News and Views

Our Home is Our Castle; HBA Speaks Out on Proposed En Bloc Sale Legislation

March 24, 2024
Datuk Chang Kim Loong is the Honorary Secretary-General of the National House Buyers Association

“No one should control what happens there; as our castle is a safe haven from the outside world. There is no greater symbol of freedom than having the ability to control our own homes and destiny – it’s a reflection of who we are; where our heart lies, making memories with friends and neighbours and don’t ever let the outside world define us by attempting to ruffle our feathers when we are at peace.

No single owner should be disadvantaged in any ‘scheme’ on the pretext of redevelopment, rejuvenation, revitalisation, en-bloc sale or called it by whatever name” says Datuk Chang Kim Loong, the Honorary Secretary-General of the National House Buyers Association.

“Cabinet wants Urban Renewal Act drawn up by next year”, says The Local Government Development Minister, Nga Kor Ming. ‘An Act will be drafted to ensure systematic, well-planned and efficient urban renewal efforts to spur the country’s economic growth.’

He said the proposed Act would lead to better redevelopment planning for isolated, old and uneconomical areas and turn them into zones that can offer good quality of life to urban dwellers.

The Act would also look into the “consent threshold’ where currently, agreement from 100% strata title owners was required for any renewable measures to take place, whereas the rates were much lower in certain developed countries.

“We will study the regulatory impact analysis first before we propose a new rate for the consent threshold”, he added. According to Nga, Kuala Lumpur City Hall (DBKL), for example, currently has the data where a total of 139 sites with an area of 1,297 hectares have been identified and should be redeveloped.

The Minister said that once the Act is in place, it would apply to all States, and he hoped it would also be used by Sabah & Sarawak.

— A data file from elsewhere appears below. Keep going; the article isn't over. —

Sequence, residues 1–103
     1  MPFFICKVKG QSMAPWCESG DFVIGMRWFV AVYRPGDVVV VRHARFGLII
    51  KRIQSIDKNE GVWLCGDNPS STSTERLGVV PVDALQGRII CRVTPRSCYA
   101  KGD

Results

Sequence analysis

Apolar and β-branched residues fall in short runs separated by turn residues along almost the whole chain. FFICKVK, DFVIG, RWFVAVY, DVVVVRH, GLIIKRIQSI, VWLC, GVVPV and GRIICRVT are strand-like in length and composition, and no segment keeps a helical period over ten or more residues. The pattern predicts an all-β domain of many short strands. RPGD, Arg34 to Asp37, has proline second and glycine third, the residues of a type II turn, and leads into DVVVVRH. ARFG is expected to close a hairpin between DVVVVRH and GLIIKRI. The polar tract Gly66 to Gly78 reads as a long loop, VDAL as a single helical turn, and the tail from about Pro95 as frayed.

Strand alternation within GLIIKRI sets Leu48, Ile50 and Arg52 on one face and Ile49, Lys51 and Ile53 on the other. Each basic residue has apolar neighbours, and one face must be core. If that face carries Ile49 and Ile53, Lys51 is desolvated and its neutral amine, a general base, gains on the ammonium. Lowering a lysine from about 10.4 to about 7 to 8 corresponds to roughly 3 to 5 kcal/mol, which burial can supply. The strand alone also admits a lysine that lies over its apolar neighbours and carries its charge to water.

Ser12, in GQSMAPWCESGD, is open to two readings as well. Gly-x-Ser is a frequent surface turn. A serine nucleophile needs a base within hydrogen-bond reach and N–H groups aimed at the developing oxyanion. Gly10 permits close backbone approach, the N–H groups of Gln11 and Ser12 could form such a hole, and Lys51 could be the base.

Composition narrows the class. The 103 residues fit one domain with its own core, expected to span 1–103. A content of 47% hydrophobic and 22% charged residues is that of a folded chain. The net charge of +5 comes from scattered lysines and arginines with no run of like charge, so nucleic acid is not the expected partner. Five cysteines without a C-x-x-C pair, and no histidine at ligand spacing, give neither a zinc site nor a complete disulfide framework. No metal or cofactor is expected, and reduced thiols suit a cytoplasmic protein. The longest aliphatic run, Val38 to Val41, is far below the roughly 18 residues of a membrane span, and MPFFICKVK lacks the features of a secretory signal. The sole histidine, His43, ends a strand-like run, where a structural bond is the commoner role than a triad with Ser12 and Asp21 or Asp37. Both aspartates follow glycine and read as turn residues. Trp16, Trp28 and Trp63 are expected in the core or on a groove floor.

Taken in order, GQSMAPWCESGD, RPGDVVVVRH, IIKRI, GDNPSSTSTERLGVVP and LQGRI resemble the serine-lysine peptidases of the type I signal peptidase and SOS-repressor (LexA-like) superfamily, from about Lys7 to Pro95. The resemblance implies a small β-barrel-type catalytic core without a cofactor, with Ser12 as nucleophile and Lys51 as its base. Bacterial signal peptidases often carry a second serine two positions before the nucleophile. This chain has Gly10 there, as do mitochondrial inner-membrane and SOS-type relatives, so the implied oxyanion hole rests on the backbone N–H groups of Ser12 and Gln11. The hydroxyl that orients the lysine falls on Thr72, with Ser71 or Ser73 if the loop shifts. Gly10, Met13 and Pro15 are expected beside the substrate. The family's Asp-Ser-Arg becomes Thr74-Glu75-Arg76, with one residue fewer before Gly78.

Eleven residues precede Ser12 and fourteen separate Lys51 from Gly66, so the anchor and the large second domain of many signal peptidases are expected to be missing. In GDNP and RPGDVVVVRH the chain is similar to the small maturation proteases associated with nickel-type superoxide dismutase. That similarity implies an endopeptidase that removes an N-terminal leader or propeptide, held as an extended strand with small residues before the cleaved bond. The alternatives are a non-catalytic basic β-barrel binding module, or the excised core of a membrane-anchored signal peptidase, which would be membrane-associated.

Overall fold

Contravention of Article 13 – Rights to Own Property

The National House Buyers Association (HBA) read with trepidation again (as the last time the same issue resurfaced was in 2019 and we thought it was put to rest) a media report that the Cabinet has approved for the expedited drafting of a redevelopment law that will be tabled for next year.

HBA strongly opposes any setting of a “consent threshold”, save and except 100% participation. HBA’s stand is that any redevelopment, rejuvenation or renewal plan must receive the consent of all because every owner is important.

While some quarters have viewed this proposed Urban Renewal Act as a step in the right direction, HBA reiterates this is a regressive move because it would become an unconstitutional piece of law that circumvents Article 13 in our Federal Constitution, which stipulates the rights to own property in this country.

Proceeding with a ‘consent threshold’, or better known as ‘en-bloc sale,’ with any rate of majority vote will deprive certain homeowners of their properties. As such, the purported redevelopment law will be in blatant contravention of Article 13 of the Federal Constitution, and the passing of such a law will not legitimise it.

We hope the present Government will not emulate the footsteps of its predecessors who tried to ignore the unconstitutional impact such a law would have on homeowners, whether within or without the Federal Territories. And if we are not careful, the potential redevelopment law could also be extended to cover landed non-strata schemes.